Africa is the continent at the forefront of global growth. According to the International Monetary Fund growth forecast for 2011 to 2015, seven of the world’s fastest-growing economies are African. Africa has the world’s fastest-growing population and the fastest-growing middle class. The African Development Bank predicts that, by 2030, Africa’s middle class will have rapidly grown. Consumer spend in Africa are also expected to sky-rocket from $680 billion in 2008 to $2,2 trillion by 2030.

Professional organisations are attracted to destinations that will bring them new members. There is not a business or sector that can afford to miss out on the African opportunity. And we want the world to be part of it – to share in, and profit from, our growth. That is why we are inviting the world to bring their events to South Africa – the biggest economy in Africa and a gateway to the continent. We have come a long way. The success of the South African business-events industry is reflected in the fact that the International Congress and Convention Association has ranked South Africa 37th on its list of the world’s top business-events destinations, and 15th on its list of long-haul destinations, while we have come out tops as the number-one business tourism destination in Africa.

South Africa’s track record shows we mean business. The 97 international association meetings that South Africa hosted last year amounted to a third of all the meetings hosted on the entire continent. However, there is still much work to be done. Although we are the undisputed leader in business events on the African continent, we have to work hard to attract and host more regional association conferences. Furthermore, Africa as a whole still has a long way to go when it comes to attracting international association meetings. For example, Africa hosted just 2,7% of the 11 000 international meetings held globally in 2012. It is only through hosting conferences that can rotate on the African continent that we can become more competitive in the ICCA ranking. African association meetings are therefore a big focus of my Department, the broader tourism industry and the NCB this year.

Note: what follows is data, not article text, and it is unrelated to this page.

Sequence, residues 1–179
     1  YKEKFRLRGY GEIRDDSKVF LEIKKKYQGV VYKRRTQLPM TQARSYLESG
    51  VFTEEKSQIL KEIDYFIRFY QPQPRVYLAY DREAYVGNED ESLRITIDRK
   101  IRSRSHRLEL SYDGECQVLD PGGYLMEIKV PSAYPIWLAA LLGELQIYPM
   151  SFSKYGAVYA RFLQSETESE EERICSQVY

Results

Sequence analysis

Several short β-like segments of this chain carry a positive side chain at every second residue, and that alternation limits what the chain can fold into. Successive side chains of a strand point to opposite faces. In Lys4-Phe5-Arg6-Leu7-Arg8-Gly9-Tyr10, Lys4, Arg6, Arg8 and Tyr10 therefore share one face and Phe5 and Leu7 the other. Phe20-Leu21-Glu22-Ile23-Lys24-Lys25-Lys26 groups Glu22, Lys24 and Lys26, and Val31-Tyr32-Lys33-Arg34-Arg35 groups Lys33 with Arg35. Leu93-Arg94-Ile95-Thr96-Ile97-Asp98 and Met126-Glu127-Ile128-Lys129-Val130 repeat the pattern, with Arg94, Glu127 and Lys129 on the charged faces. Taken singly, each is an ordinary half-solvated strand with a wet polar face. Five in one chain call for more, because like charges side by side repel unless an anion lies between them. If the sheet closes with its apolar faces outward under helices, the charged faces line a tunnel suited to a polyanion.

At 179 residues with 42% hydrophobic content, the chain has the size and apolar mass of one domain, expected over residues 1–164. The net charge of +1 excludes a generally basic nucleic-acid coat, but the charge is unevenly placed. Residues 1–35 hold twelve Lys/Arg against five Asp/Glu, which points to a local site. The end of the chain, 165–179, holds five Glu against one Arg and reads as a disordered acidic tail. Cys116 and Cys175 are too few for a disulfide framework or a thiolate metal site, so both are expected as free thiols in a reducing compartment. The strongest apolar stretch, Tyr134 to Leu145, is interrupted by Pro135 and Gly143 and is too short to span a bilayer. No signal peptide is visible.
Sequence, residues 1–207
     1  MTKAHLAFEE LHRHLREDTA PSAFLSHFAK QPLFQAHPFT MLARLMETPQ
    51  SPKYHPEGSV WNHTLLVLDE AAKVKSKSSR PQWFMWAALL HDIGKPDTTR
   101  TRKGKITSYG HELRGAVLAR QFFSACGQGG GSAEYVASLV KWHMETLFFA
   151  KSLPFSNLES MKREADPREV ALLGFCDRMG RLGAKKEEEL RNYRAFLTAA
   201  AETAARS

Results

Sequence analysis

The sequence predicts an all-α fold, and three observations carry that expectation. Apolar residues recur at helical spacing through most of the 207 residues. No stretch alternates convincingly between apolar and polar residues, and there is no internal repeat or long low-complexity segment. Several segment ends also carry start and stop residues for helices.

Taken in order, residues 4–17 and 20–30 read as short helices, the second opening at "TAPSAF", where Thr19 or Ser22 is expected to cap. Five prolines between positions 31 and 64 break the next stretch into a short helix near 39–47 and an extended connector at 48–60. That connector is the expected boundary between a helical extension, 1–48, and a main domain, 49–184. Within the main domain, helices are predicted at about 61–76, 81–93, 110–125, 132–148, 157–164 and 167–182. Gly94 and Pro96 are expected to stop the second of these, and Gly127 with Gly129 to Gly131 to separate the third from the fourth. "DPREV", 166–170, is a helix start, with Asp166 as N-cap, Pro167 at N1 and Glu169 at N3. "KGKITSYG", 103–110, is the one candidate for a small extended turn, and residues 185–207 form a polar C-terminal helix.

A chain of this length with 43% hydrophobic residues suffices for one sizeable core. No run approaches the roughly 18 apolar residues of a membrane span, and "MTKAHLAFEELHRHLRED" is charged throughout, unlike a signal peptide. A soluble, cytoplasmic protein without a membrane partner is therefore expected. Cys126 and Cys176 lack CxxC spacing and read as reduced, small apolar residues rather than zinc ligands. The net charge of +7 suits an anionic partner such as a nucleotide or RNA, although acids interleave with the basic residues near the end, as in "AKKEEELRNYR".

We understand that when one part of the continent wins, we all win. Collaboration and competition spur growth, build capacity and boost global competitiveness. For most associations, meeting and conference organisers, Africa for many is not the tried and tested option, yet. To get to that point we have to actively support the industry in taking that step.

Looking forward, our new business events tourism campaign, “Rise with us”, is about shifting to a higher gear. Through the campaign, we are asking the world to “Rise with us”, because South Africa:
–      offers value for money;
–      is economically and politically stable;
–      has a proven track record; and
–      is a safe and secure destination.

In conclusion, all of you are the lifeblood of South Africa’s business-events industry, which is a formidable and globally competitive sector. This year, we join SAACI in celebrating 26 years of collective determination to build South Africa’s conference sector; 26 years of encouragement and mentorship, of fostering healthy competition, and of cementing partnerships.

I wish you fruitful deliberations.

Thank you.